YOU’RE in the kitchen cooking dinner while simultaneously trying to help with maths homework, soothe a crying toddler and answer the ringing phone.
How can there possibly be peace in that?
Sally Collings, author of Parenting With Soul, says there can be. It’s about finding the sacred in the everyday and truly engaging in the moment.
She said it was possible to find ways of living with soul in the midst of the messy, noisy, crazy life that is parenting.
She describes her book as not really a parenting book in the strictest sense.
“It’s about re-discovering your own inner life as a parent. It’s about lighting the flame that’s been extinguished by wet nappies and finding your purpose again when you lose it at the bottom of the laundry basket,” she said.
“I was a voracious reader when I was pregnant with my daughter. I wanted to read everything,” she said.
“If I wanted to read how to change a nappy there was a book on it, if I wanted to read about how to stop your child crying there was a book about it. There were plenty of books that touched on the physical aspects but nothing that touched on the spiritual or emotional side.”
Like many first-time mums, Sally found it a difficult adjustment.
“I lost that connection with myself. I kept thinking ‘who am I now’,” she explained.
Sally searched for ways to inject some peace and spirituality into her parenting life.
But she didn’t have time to relax and meditate for an hour in the morning, or take long soothing baths, or do yoga for half a day. She was mum, she needed something real.
After discovering what worked for herself, her book is packed full of practical tips that don’t involve squeezing more into your day. It is about making the most of the small moments in life.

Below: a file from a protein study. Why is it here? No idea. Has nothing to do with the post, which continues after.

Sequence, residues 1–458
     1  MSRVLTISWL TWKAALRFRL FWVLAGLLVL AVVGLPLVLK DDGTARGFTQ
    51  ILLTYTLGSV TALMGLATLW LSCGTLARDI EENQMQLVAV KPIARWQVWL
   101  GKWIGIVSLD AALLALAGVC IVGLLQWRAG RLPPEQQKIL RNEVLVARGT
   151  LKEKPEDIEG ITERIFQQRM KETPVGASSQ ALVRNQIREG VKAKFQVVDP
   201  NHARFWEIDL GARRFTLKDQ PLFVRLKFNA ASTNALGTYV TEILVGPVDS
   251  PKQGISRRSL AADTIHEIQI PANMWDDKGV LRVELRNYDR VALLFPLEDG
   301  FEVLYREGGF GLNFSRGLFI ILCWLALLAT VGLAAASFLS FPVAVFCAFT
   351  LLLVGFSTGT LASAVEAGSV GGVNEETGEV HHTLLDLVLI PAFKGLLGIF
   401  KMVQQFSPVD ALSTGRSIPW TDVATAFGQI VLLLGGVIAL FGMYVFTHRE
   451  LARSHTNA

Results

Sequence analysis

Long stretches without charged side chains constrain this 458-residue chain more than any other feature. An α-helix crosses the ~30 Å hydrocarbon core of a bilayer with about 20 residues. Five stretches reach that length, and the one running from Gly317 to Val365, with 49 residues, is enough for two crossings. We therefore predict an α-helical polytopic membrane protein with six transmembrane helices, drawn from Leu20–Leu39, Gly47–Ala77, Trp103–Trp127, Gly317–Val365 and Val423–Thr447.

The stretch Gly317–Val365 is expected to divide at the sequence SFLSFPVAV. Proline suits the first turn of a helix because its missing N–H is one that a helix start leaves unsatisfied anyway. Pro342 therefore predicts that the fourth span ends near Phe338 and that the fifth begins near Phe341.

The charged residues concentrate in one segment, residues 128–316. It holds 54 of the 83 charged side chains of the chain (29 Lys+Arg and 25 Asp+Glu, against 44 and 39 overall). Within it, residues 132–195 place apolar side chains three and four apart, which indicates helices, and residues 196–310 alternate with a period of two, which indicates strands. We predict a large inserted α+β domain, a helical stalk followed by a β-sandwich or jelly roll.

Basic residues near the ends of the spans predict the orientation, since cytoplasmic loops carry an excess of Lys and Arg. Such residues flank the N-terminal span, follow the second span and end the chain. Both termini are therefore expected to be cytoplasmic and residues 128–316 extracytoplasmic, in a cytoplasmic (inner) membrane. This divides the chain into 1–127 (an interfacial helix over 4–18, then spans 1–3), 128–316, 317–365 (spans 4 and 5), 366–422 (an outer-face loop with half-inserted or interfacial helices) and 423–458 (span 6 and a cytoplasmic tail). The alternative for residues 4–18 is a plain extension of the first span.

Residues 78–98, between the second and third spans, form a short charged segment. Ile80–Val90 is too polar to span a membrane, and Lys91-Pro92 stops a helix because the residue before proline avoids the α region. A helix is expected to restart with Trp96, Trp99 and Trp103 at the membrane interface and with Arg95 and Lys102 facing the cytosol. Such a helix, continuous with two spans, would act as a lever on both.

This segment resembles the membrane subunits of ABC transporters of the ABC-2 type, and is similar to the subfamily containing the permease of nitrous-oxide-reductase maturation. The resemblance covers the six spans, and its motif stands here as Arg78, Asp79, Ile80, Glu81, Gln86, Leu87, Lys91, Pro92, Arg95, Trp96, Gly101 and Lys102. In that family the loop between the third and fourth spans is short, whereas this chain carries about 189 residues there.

The first thing Sally recommends may sound like a shock to any busy mum.
“The first step is to just stop. Everything is so focused on multi-tasking but it can be really destructive and corroding to our spirits,” she said.
“Use everyday things that you do – even if it’s just the washing up. Just really focus on what you are doing. One thing at a time.”
But she is the first to admit that this is not always easy.
She said on the days she really worked at being present and in the moment, she felt calmer and this was reflected in the behaviour of her kids.
“It’s important for parents to feel a sense of peace but to have the kids calmer is a bonus. It’s still an ongoing process, but that is life.”
Like Sally, when Maroochydore mum of two Nicola Towns had her first child three years ago she felt lost and overwhelmed.
She had just moved from Brisbane and had given up her office job to focus on being a full-time mum.
But the reality was not quite what she expected.
“I felt really lost and I missed my job more than I thought. It was really hard going from business meetings to just dirty nappies and play dates. The hardest thing was, when I was at a work function for my husband, someone asked me what I did,” she said.
“I told her I was a mum. The way she looked at me was like ‘oh, you’re just a mum’.”
Feeling like she had lost her identity, Nicola became quite down. It was during an episode of Oprah featuring the author Eckhart Tolle, in which he talked about mindfulness and being present, that a subtle shift took place.
“It was really interesting. He talked about worrying about the future and obsessing over the past only makes us unhappy and the only way to find peace is by living in the moment.”
Nicola started attending meditation classes and, while she doesn’t always have time to meditate in silence for 10 minutes a day, she does try her hardest to stay in the present.
“It’s about focusing on one thing at a time. As a woman and especially as a mum we are conditioned to multi-task, which really is hard to avoid when you’ve got a toddler and a baby and need to cook dinner, but just being in the moment can bring so much peace,” she said.”
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